In a brief follow up to the earlier pluggable security discussion, Thomas Fricaccia reflected on the implications for the various security frameworks, "I noticed James Morris' proposal to eliminate the LSM in favor of ordaining SELinux as THE security framework forever and amen, followed by the definitive decision by Linus that LSM would remain." He then commented on a recent merged patch preventing the loading of security modules into a running kernel, "but then I noticed that, while the LSM would remain in existence, it was being closed to out-of-tree security frameworks. Yikes! Since then, I've been following the rush to put SMACK, TOMOYO and AppArmor 'in-tree'." Linus Torvalds replied:
"Yeah, it did come up. Andrew, when he sent it on to me, said that the SuSE people were ok with it (AppArmor), but I'm with you - I applied it, but I'm also perfectly willing to unapply it if there actually are valid out-of-tree users that people push for not merging. So Í don't think this is settled in any way - please keep discussing, and bringing it up. I'm definitely not in the camp that thinks that LSM needs to be 'controlled', but on the other hand, I'm also not going to undo that commit unless there are good real arguments for undoing it (not just theoretical ones).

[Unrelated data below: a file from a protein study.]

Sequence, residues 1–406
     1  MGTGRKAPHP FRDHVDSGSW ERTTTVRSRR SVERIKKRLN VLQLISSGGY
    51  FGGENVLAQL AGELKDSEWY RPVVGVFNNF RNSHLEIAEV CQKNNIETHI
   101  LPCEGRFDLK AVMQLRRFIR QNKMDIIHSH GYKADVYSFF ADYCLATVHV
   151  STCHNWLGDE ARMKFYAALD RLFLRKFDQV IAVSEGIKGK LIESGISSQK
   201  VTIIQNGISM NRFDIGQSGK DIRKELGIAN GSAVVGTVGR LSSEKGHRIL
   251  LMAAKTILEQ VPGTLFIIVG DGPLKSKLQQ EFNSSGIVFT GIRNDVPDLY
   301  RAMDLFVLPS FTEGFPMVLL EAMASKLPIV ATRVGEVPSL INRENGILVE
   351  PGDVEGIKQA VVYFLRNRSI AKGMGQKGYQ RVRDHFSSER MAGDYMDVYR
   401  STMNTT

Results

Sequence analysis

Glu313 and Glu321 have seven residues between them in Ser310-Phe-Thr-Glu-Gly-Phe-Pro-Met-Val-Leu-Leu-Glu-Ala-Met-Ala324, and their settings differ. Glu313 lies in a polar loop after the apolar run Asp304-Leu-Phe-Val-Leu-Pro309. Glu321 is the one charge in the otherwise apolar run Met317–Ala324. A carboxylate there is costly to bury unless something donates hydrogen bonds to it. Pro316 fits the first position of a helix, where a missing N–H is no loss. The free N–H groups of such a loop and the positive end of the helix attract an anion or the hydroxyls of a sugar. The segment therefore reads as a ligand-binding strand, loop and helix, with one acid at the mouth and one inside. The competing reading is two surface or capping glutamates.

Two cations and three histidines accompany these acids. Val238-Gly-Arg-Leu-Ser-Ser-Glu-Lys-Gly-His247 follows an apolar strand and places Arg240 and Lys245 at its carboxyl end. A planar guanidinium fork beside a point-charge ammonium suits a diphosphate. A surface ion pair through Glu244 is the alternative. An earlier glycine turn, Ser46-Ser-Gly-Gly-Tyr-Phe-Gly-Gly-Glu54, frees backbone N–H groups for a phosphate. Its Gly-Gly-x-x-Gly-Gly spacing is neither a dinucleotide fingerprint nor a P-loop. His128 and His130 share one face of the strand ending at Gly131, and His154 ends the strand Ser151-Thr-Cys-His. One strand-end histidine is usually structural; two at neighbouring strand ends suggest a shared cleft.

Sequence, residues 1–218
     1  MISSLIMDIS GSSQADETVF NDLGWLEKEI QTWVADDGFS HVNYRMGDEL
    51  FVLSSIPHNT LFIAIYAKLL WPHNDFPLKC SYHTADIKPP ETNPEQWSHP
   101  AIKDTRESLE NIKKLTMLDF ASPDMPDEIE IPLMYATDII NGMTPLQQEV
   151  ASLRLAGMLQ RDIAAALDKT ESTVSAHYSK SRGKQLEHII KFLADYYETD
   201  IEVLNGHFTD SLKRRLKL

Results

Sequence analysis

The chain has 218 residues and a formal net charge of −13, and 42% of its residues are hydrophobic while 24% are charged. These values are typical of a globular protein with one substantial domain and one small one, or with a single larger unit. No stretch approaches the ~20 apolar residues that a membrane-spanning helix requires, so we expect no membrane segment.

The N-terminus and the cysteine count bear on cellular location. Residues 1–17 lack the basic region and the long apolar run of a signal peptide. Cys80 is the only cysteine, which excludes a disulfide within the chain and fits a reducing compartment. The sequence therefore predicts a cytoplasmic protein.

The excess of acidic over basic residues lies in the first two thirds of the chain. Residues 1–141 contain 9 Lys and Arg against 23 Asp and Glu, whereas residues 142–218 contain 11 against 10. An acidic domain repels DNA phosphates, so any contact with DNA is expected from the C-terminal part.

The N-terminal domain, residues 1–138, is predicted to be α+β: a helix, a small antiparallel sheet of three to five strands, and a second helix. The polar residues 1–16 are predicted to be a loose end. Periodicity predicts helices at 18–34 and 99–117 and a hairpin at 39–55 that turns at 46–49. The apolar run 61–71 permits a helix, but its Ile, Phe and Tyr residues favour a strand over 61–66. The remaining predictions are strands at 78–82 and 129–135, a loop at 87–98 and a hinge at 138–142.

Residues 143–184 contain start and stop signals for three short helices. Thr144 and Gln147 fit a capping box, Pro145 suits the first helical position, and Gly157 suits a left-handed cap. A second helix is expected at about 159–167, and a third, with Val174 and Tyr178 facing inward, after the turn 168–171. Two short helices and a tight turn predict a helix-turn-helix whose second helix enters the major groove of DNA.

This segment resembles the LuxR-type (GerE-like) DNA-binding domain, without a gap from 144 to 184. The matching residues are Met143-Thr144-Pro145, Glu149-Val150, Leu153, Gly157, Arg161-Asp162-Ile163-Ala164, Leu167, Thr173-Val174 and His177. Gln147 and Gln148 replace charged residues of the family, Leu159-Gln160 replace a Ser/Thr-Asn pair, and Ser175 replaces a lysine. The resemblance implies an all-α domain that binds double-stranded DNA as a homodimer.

"For example, I do kind of see the point that a 'real' security model might want to be compiled-in, and not something you override from a module. Of course, I'm personally trying to not use any modules at all, so I'm just odd and contrary, so whatever.. Real usage scenarios with LSM modules, please speak up!"
Casey Schaufler posted an updated Smack patchset based on feedback from the previous posting, "I have broken the Smack patch into the netlabel changes from Paul Moore (1/2) and the Smack LSM (2/2), at Paul's kind suggestion." He added:
"The smackfs symlinks have proven too contentious. I have removed the facility. Al and Alan are correct that the rich set of mount options currently available can handle any of the use cases I was looking at without excessive difficulty."
Smack is the Simplified Mandatory Access Control Kernel, utilizing the LSM framework to implement label-based mandatory access control and slated for inclusion in the upcoming 2.6.24 mainline kernel during the 2.6.24-rc1 merge window.
"I think the decision to merge Smack is something that needs to be considered in the wider context of overall security architecture," suggested James Morris following Andrew Morton's recent comment that he plans to merge the functionality in the upcoming 2.6.24 kernel. While James had no complaints about Smack itself, he expressed concerns regarding the pluggable nature of LSM, which is used by Smack, cautioning, "if LSM remains, security will never be a first class citizen of the kernel," adding, "on a broader scale, we'll miss the potential of Linux having a coherent, semantically strong security architecture." He noted that he'd rather see SELinux as the sole Linux security framework, "merging Smack, however, would lock the kernel into the LSM API. Presently, as SELinux is the only in-tree user, LSM can still be removed."